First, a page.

Weidmann's record of opposition to many of the ECB's necessary and expansionary monetary policy measures during the euro crisis, including quantitative easing, may give pause to some macroeconomists. Yet his euro crisis era rhetoric can also be described as part of the generally effective German "good cop/bad cop" crisis negotiations routine between Chancellor Merkel, on the conciliatory side, and the perpetual hawks Wolfgang Schäuble and Weidmann. And having a president who is a firm believer in the ECB's single inflation target mandate—given how far headline inflation is from the close to but below 2 percent target—might be less hawkish than often assumed.

EU leaders' concerns about Weidmann's institutional loyalty to the ECB are likely to be moderated by the Bundesbank president's lengthy record of studiously avoiding public deviation from ECB policy. Even as Weidman frequently clashed with the current outgoing leadership of the ECB, EU leaders may well be content that he can adapt to the new consensus building demands expected of an ECB president, rather than just continuing to be a national central bank president who can safely express loyalty to his own nation's monetary policy preferences during a crisis knowing the governing council will outvote him in the end.

What About Gender Balance in the ECB?

One complication arising from a Weidmann ECB presidency relates to gender imbalance. A German at the ECB's helm would force the executive board's only female member, Sabine Lautenschläger, to resign. With the world's most powerful woman, Angela Merkel, backing Weidmann's candidacy, gender balance on the ECB executive board itself is not a prohibitive obstacle. The ECB would simply have to find women to replace Praet and/or Cœuré next year. And rotating both the Italian and French representatives off the executive board in 2019 also makes it likely that new national representatives from these two big member states will be appointed.

The recent appointment of French president Emmanuel Macron favorite Sylvie Goulard to deputy governor of the Banque de France suggests that France may promote her nomination as a female candidate to the ECB. But another strong candidate could be Hélène Rey, as one of several prominent female French macroeconomists. If Macron does nominate Goulard for the ECB, Italy might decide to go for the chief economist position, in which case the former head of ECB research, Italian Lucrezia Reichlin, might be difficult to oppose. This would then leave central bank of Ireland governor Philip R. Lane, the erstwhile Irish candidate for ECB vice president, as a candidate to take over Lautenschläger's portfolio on the executive board and as vice-chair of the supervisory board of the Single Supervisory Mechanism.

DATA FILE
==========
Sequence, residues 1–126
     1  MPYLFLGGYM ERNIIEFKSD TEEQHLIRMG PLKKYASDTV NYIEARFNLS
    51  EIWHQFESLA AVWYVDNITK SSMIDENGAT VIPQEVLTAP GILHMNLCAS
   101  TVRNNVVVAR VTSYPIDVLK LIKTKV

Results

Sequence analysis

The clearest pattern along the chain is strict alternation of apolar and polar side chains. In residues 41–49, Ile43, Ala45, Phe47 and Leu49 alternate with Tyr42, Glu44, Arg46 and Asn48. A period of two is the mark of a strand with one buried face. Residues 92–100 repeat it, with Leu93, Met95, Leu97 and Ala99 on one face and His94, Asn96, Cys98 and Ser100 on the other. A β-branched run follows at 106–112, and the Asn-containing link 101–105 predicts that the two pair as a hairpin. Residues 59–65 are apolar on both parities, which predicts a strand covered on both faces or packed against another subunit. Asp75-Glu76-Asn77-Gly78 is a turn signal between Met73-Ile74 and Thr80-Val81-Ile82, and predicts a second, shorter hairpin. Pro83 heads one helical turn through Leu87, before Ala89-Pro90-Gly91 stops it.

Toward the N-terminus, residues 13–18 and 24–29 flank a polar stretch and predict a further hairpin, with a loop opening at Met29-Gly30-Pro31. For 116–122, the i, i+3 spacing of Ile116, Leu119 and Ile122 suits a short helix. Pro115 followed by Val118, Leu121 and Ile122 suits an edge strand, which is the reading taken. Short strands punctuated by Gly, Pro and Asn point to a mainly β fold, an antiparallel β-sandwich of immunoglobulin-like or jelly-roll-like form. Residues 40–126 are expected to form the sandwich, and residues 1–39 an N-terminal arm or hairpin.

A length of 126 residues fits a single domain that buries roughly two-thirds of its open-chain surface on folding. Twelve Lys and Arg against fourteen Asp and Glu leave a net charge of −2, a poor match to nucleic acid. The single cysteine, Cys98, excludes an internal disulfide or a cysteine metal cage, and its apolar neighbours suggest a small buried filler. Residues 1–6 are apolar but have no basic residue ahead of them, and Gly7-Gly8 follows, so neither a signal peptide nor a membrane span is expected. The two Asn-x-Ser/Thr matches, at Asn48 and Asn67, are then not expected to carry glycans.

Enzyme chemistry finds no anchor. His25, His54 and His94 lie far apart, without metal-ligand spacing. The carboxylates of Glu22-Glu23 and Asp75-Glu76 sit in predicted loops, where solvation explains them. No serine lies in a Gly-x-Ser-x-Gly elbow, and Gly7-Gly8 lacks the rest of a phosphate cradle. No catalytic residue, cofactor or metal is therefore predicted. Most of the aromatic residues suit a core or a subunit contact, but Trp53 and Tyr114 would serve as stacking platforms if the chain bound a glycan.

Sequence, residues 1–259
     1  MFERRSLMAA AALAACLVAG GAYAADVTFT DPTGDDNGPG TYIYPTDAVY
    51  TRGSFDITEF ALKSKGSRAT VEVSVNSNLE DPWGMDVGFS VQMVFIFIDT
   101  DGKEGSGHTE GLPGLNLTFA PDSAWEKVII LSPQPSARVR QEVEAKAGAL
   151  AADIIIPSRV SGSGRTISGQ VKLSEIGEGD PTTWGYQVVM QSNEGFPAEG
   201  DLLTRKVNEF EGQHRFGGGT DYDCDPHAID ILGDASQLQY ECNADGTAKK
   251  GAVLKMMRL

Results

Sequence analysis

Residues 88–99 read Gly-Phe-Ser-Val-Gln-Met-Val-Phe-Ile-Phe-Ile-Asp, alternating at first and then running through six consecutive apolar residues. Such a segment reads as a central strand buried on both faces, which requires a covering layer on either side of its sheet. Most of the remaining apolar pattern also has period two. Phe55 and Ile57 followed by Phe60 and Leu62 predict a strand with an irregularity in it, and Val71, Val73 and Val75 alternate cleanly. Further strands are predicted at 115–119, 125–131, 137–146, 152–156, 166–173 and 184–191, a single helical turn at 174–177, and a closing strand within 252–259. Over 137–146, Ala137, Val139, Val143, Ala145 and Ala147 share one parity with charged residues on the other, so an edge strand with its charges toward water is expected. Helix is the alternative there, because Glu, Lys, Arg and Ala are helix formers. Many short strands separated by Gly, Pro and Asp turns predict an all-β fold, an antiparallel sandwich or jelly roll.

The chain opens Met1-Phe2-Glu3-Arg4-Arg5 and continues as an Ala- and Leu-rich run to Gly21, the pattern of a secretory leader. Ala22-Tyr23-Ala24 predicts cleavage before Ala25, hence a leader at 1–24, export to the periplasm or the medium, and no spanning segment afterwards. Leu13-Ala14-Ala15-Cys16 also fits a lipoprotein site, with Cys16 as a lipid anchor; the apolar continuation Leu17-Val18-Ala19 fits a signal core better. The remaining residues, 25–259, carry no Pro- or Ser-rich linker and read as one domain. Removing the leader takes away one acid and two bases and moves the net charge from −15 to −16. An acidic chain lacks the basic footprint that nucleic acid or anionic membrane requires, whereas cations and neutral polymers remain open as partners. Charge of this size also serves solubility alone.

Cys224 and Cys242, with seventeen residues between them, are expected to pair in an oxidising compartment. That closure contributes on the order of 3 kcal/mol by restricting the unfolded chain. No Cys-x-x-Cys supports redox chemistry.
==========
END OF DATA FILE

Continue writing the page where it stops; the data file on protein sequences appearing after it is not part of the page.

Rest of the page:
How Euro Area Reform Politics Affect the ECB Transition

Lastly, the politic situation guarantees that the ECB presidency will be part of the broader negotiations between first and foremost the French and German governments in the coming months about a new reform of euro area institutions.

Here proponents of the most ambitious euro area reform possible should cheer for a Weidmann ECB presidency, as Macron would expect Merkel to give in to some of his other reform demands as an implicit quid pro quo. Trading an ultimately temporary German ECB presidency for far more permanent concessions from Berlin on the institutional future of the euro area and the European Union is an exchange all supporters of European integration should support—especially now, as Merkel faces increasing unrest among her more conservative backbenchers in the Christian Democratic Union and the Christian Social Union.

Who would be better positioned than a German ECB president to calm the unspecified and typically unsupported fears among these members of the Bundestag about "German taxpayers' money and Europe"?